Get regular updates straight from your Facebook and Twitter accounts with The Blog of Innocence: SilentVoice Points. Make sure that you keep informed about the latest happenings around you. Be a fan of VoicePoints page on Facebook. Join the online conversation of the people behind your history. Follow and get some tweet updates from @voicepoints on Twitter. Discuss and be a part of this changing world. We believe in your voice. We believe in you. Shout! Speak your mind! Join now! You have the right. You have the freedom!

If you have a story to tell, click this to submit.

Need advertising partners? Email us now silentvoicepoints@yahoo.com.  Advertise with us! 

POEA Ordered Forced Closure of Two Agencies

Overseas recruitment agencies who fail to follow the rules and regulations in hiring overseas workers face the risk of having their licenses canceled. However, even with cancelled licenses, some recruitment agencies continue to hire applicants for overseas deployment.

Such is the case with Northwest Placement Inc. and Reajent Manpower Services Inc. To make sure that these agencies will not be able to continue their illegal operations, the Philippine Overseas Employment Administration (POEA) chief, Hans Leo J. Cacdac and Vice-President Jejomar Binay, which is the head of the Presidential Task Force on Anti-Illegal Recruitment (PTFAIR), closed the offices of Northwest Placement Inc. and Reajent Manpower Services Inc.

Cacdac said, “This enforcement effort of the POEA and the Office of the Vice-President underscores the importance of punishing recruitment violators and upholding the rule of law.  And we will not rest.”
The order for immediate closure was issued by POEA after discovering that Northwest Placement Inc. continue to hire housekeepers for the United States of America even after its license was cancelled on April 25, 2012 because of the excessive fees it charged to applicants.

The office of Reajent Manpower Services Inc. was also closed by the POEA because they continue to accept applications for the position of fruit pickers for Australia that was found out to be non-existent.  Reajent was under preventive suspension since February 28, 2012.

Get regular updates straight from your Facebook and Twitter accounts with The Blog of Innocence: SilentVoice Points. Make sure that you keep informed about the latest happenings around you. Be a fan of VoicePoints page on Facebook. Join the online conversation of the people behind your history. Follow and get some tweet updates from @voicepoints on Twitter. Discuss and be a part of this changing world. We believe in your voice. We believe in you. Shout! Speak your mind! Join now! You have the right. You have the freedom!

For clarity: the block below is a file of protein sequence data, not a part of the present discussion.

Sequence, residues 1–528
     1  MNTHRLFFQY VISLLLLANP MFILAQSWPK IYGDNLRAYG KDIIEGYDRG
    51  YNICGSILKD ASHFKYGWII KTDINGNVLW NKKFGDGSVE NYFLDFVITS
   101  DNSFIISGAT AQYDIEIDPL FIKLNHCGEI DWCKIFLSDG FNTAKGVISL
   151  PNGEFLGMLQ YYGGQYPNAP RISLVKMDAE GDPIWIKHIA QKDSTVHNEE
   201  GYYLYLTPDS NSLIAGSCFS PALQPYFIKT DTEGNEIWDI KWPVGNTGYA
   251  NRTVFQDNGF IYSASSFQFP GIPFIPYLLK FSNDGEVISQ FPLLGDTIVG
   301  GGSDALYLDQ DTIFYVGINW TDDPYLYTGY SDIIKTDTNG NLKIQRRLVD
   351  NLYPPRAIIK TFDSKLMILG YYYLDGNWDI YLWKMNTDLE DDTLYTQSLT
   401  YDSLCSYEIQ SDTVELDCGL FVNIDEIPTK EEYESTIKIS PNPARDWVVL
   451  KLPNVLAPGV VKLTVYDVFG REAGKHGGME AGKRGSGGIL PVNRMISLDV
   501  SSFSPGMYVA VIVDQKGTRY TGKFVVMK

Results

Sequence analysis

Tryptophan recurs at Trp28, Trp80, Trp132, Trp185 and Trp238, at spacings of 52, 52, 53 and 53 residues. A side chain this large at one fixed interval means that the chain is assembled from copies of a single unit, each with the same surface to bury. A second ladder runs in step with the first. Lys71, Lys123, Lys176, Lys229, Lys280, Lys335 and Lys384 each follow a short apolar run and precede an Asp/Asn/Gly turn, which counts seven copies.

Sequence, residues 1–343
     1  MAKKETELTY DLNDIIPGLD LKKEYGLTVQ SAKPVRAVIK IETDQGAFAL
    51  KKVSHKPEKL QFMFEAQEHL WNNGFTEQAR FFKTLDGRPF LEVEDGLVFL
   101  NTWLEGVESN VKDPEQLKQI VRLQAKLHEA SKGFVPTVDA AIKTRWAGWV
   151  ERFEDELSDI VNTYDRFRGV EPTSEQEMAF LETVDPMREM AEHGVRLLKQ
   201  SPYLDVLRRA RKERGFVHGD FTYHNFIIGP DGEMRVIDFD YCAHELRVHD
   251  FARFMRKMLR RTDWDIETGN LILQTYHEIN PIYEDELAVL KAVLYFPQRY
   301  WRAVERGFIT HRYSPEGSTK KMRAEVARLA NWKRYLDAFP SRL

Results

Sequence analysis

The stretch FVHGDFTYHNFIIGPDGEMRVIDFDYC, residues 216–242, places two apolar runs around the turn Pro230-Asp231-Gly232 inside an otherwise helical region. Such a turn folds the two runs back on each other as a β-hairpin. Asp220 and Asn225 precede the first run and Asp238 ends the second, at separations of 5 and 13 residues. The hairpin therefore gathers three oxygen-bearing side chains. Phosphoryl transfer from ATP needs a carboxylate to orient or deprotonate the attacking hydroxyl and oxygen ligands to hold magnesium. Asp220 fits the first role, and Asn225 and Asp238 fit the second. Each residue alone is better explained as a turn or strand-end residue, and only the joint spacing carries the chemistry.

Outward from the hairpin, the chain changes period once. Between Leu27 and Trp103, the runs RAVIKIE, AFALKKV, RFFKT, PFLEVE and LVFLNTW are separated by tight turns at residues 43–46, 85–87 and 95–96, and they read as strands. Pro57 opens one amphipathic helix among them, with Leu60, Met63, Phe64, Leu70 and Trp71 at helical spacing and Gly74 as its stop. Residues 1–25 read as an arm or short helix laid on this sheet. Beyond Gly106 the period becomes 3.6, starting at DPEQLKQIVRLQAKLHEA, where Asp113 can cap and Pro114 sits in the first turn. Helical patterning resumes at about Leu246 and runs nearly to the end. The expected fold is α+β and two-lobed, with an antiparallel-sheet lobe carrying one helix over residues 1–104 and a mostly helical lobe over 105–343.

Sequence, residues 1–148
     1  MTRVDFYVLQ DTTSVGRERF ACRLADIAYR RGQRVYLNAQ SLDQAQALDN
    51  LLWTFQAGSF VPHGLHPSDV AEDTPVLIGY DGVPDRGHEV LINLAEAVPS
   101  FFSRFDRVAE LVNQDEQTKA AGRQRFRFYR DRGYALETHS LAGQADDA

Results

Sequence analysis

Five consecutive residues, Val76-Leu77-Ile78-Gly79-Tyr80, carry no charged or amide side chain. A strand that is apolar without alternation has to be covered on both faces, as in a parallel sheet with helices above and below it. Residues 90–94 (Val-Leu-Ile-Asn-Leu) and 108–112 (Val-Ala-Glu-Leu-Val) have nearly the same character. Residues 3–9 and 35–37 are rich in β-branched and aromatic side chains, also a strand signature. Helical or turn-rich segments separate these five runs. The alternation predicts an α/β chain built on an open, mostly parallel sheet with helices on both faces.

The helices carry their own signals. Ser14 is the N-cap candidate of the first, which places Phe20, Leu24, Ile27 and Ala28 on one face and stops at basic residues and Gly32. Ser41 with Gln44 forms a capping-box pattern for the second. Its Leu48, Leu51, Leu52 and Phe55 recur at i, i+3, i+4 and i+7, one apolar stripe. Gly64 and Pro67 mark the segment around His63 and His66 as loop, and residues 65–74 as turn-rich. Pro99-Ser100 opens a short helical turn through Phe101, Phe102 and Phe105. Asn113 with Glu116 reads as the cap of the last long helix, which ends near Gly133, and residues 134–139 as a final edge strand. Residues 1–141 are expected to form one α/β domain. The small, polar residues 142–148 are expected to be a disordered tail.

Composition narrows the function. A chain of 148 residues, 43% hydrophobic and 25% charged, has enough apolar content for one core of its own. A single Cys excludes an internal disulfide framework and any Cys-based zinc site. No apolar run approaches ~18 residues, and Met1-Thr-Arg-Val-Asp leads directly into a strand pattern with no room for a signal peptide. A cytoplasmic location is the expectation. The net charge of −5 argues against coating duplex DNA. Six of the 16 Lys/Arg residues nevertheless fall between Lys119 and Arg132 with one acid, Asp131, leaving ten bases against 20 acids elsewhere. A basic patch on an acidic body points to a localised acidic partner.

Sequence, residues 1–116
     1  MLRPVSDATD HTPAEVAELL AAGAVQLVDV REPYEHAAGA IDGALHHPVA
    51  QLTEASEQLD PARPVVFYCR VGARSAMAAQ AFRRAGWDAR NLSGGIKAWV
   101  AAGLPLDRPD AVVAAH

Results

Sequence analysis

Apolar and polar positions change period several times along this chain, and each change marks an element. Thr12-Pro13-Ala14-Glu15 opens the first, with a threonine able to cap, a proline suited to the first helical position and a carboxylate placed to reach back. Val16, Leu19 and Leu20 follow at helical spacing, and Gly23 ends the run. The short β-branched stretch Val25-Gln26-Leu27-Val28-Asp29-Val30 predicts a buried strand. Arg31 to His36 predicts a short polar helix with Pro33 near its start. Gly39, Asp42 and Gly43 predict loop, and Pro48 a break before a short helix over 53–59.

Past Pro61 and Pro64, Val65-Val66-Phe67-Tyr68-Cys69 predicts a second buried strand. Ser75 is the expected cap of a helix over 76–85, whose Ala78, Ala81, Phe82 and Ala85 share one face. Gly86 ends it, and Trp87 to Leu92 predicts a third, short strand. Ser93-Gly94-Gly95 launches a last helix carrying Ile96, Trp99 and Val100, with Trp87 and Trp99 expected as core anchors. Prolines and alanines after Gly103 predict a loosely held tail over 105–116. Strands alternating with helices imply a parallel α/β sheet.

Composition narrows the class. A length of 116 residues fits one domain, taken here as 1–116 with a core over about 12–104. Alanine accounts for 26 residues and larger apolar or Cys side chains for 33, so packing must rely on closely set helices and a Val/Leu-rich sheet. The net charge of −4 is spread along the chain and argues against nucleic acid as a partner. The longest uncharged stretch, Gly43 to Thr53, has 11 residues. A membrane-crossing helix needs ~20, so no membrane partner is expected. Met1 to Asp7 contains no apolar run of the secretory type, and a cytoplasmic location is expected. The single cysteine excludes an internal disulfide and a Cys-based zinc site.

If you have a story to tell, click this to submit.

Need advertising partners? Email us now silentvoicepoints@yahoo.com.  Advertise with us! 

From Janitor to Entrepreneur, an OFW story

These days, Lady Luck is probably smiling from ear to ear on businessman Sebastian “Steve” Tamayo.

Managing several outlets of his famous chain of restaurants--Tamayo’s and other businesses, including a consultancy firm, a flower shop and catering services, Steve considers himself as one of the luckiest people in the world.
But life was not all a bed of roses for this self-styled restaurant owner. He, like, many of us, had been knocked down and hit rock bottom a couple of times.

Humble beginnings

Steve was brought up by the Tamayo couple of Hagonoy, Bulacan to be a hard working lad. Coming from a middle-class family, at an early age, he was taught by his parents, particularly his mother, to help in household chores.
“I was only in grade six when I helped in the chores in the house. I mostly helped my mother in the preparation and cooking native delicacies for our small carinderia (eatery) in Bulacan then,” he recalled.
Being the 11th child of a brood of 12, Steve said his father was paralyzed then so he had to help with the chores, along with his other siblings.
Along with some of his older brothers, Steve would fish at a nearby lake at night. Proceeds from the sale of any fish caught made up his allowance the next day. He promised himself that the hardships he had experienced that day would all change someday with hard work, and determination.
When he reached adolescence, Steve decided to stay with his relatives while attending Marcelo H. del Pilar High School in Malolos, Bulacan. Some of his brothers and sisters had families of their own at that time.
In exchange for the free board and lodging, he helped in the cooking and other household chores.
“I was attending school and surviving with only P5 a week,” he said, noting the money came from what he earned from fishing.